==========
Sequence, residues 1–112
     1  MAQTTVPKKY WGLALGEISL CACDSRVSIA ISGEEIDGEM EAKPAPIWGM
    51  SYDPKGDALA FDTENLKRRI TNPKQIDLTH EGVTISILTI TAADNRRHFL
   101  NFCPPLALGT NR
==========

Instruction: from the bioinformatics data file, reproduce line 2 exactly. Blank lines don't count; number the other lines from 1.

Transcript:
     1  MAQTTVPKKY WGLALGEISL CACDSRVSIA ISGEEIDGEM EAKPAPIWGM